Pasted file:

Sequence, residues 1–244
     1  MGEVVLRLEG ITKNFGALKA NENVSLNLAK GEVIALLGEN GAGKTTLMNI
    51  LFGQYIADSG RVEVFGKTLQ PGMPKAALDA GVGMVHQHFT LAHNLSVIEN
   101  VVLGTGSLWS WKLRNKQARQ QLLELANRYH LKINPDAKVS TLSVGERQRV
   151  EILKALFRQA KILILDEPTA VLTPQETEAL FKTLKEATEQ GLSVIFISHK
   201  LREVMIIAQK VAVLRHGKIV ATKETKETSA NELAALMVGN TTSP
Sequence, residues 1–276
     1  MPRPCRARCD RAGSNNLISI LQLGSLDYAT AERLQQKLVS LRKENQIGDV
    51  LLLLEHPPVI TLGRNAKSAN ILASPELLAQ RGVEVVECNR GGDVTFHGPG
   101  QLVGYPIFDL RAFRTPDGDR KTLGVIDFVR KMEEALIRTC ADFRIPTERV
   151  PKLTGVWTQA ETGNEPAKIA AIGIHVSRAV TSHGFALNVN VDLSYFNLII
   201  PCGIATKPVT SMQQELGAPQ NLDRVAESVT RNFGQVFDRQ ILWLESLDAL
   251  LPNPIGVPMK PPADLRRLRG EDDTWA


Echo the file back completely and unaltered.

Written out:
Sequence, residues 1–244
     1  MGEVVLRLEG ITKNFGALKA NENVSLNLAK GEVIALLGEN GAGKTTLMNI
    51  LFGQYIADSG RVEVFGKTLQ PGMPKAALDA GVGMVHQHFT LAHNLSVIEN
   101  VVLGTGSLWS WKLRNKQARQ QLLELANRYH LKINPDAKVS TLSVGERQRV
   151  EILKALFRQA KILILDEPTA VLTPQETEAL FKTLKEATEQ GLSVIFISHK
   201  LREVMIIAQK VAVLRHGKIV ATKETKETSA NELAALMVGN TTSP
Sequence, residues 1–276
     1  MPRPCRARCD RAGSNNLISI LQLGSLDYAT AERLQQKLVS LRKENQIGDV
    51  LLLLEHPPVI TLGRNAKSAN ILASPELLAQ RGVEVVECNR GGDVTFHGPG
   101  QLVGYPIFDL RAFRTPDGDR KTLGVIDFVR KMEEALIRTC ADFRIPTERV
   151  PKLTGVWTQA ETGNEPAKIA AIGIHVSRAV TSHGFALNVN VDLSYFNLII
   201  PCGIATKPVT SMQQELGAPQ NLDRVAESVT RNFGQVFDRQ ILWLESLDAL
   251  LPNPIGVPMK PPADLRRLRG EDDTWA